The Call of Thomas and Judas
Thomas the fisherman and Judas the wanderer met Jesus and the apostles at the fisher-boat landing at Tarichea, and Thomas led the party to his near-by home. Philip now presented Thomas as his nominee for apostleship and Nathaniel presented Judas Iscariot, the Judean, for similar honors. Jesus looked upon Thomas and said: “Thomas, you lack faith; nevertheless, I receive you. Follow me.” To Judas Iscariot the Master said: “Judas, we are all of one flesh, and as I receive you into our midst, I pray that you will always be loyal to your Galilean brethren. Follow me.”
When they had refreshed themselves, Jesus took the twelve apart for a season to pray with them and to instruct them in the nature and work of the Holy Spirit, but again did they largely fail to comprehend the meaning of those wonderful truths which he endeavored to teach them. One would grasp one point and one would comprehend another, but none of them could encompass the whole of his teaching. Always would they make the mistake of trying to fit Jesus’ new gospel into their old forms of religious belief. They could not grasp the idea that Jesus had come to proclaim a new gospel of salvation and to establish a new way of finding God; they did not perceive that he was a new revelation of the Father in heaven.
The next day Jesus left his twelve apostles quite alone; he wanted them to become acquainted and desired that they be alone to talk over what he had taught them. The Master returned for the evening meal, and during the after-supper hours he talked to them about the ministry of seraphim, and some of the apostles comprehended his teaching. They rested for a night and the next day departed by boat for Capernaum.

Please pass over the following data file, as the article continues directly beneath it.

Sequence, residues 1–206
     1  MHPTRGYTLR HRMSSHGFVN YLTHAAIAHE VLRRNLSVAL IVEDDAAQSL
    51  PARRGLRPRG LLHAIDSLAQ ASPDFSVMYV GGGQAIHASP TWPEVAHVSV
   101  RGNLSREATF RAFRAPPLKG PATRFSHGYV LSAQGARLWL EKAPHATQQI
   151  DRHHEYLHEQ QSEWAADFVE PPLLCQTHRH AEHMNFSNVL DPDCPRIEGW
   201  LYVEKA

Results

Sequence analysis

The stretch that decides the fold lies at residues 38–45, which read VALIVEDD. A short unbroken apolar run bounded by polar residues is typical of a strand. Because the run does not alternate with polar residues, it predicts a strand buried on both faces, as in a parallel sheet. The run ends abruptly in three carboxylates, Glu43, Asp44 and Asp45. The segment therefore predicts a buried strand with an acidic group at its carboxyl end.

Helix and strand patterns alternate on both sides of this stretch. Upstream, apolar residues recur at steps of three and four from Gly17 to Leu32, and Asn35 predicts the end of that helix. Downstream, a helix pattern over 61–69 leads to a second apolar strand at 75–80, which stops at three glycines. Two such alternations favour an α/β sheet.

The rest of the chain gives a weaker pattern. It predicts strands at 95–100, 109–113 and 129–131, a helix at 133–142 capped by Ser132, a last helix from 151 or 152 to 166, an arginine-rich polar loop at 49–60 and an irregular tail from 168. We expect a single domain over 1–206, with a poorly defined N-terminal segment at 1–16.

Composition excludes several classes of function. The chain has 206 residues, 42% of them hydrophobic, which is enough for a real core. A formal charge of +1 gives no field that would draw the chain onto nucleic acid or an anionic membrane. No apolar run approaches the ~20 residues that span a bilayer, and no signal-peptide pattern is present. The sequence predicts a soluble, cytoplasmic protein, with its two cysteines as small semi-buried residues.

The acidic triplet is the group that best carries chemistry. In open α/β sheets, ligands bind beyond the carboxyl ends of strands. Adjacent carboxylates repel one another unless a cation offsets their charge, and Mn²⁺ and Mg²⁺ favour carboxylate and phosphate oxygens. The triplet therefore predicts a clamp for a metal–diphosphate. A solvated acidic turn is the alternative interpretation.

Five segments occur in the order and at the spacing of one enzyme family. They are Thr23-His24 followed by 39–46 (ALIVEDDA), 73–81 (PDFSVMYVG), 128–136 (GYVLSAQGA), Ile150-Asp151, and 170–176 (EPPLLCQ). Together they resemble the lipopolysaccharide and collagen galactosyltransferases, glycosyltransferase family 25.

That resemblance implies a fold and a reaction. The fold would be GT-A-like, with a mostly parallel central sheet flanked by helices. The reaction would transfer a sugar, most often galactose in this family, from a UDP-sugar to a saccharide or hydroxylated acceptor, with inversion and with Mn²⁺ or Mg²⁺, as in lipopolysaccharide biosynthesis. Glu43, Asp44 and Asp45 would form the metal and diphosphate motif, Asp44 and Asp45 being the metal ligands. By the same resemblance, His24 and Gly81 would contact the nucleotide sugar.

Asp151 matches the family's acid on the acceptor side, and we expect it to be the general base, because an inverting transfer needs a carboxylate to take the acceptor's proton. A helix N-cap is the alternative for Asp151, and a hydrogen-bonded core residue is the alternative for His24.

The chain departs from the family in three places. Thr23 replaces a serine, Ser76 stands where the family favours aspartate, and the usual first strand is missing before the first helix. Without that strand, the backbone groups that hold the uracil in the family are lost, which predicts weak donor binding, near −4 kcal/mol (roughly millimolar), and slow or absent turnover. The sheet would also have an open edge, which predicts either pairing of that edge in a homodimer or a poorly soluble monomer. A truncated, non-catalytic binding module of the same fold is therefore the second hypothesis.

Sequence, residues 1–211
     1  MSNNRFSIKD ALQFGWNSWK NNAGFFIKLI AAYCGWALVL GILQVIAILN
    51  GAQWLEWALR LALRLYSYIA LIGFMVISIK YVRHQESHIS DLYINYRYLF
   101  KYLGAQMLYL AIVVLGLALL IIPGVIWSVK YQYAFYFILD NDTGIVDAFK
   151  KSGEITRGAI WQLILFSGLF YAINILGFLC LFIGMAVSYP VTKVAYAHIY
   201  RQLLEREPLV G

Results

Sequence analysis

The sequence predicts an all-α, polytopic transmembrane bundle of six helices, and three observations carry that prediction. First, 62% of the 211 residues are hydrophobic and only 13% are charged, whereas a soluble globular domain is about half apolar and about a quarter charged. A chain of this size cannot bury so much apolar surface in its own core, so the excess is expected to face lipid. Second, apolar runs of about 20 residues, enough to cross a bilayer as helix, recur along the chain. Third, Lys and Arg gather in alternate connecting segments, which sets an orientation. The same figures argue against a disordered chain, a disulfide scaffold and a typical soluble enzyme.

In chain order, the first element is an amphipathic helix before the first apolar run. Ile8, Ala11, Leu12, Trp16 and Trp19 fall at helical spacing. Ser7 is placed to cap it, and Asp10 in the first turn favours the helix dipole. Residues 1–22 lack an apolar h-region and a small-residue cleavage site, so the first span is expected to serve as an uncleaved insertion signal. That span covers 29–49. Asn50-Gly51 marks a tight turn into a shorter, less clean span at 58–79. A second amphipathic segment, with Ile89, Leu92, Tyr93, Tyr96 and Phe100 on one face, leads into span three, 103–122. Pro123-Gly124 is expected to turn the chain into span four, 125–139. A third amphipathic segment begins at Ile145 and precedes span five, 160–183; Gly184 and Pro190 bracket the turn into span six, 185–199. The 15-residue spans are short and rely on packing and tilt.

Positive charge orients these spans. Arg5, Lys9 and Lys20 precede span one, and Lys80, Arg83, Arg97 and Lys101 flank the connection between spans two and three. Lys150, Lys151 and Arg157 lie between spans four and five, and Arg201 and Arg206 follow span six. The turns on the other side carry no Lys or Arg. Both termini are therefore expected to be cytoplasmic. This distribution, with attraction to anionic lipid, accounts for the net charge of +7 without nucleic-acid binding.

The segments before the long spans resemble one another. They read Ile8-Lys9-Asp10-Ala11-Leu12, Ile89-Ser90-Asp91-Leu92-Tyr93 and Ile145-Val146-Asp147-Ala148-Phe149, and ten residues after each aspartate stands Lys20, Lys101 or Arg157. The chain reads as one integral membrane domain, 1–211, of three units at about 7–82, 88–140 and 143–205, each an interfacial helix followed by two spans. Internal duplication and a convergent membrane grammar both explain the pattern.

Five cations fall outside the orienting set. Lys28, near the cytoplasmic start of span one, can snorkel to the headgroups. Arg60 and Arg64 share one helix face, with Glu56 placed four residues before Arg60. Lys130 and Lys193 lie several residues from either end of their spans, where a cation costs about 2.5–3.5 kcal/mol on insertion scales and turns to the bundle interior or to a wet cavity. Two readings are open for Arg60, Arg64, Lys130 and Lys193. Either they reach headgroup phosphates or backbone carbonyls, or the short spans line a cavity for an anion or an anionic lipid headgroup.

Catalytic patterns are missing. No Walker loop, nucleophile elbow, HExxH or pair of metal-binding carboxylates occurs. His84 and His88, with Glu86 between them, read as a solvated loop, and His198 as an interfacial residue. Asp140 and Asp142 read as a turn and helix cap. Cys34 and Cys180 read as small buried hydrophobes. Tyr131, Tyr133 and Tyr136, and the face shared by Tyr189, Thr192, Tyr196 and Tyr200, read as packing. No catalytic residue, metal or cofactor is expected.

Zebedee and Salome had gone to live with their son David so that their large home could be turned over to Jesus and his twelve apostles. Here Jesus spent a quiet Sabbath with his chosen messengers; he carefully outlined the plans for proclaiming the kingdom and fully explained the importance of avoiding any clash with the civil authorities, saying: “If the civil rulers are to be rebuked, leave that task to me. See that you make no denunciations of Caesar or his servants.” It was this same evening that Judas Iscariot took Jesus aside to inquire why nothing was done to get John out of prison. And Judas was not wholly satisfied with Jesus’ attitude.
--Presented by the Midwayer Commission, from the Urantia Papers.
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